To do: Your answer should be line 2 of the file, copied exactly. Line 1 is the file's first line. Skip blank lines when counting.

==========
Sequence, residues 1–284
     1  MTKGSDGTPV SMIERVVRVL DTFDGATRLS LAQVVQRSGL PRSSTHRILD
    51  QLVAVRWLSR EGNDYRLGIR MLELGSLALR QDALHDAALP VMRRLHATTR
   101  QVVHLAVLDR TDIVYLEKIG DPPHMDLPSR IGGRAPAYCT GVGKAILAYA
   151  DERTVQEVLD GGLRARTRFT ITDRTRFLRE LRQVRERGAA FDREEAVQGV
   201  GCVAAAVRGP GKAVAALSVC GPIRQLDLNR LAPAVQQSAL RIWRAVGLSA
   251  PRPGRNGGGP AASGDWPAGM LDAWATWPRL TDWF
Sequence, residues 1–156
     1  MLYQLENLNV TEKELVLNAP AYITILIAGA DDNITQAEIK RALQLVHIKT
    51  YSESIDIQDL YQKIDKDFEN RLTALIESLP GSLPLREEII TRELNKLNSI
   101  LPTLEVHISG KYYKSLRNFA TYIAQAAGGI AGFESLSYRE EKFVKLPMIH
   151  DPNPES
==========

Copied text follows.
     1  MTKGSDGTPV SMIERVVRVL DTFDGATRLS LAQVVQRSGL PRSSTHRILD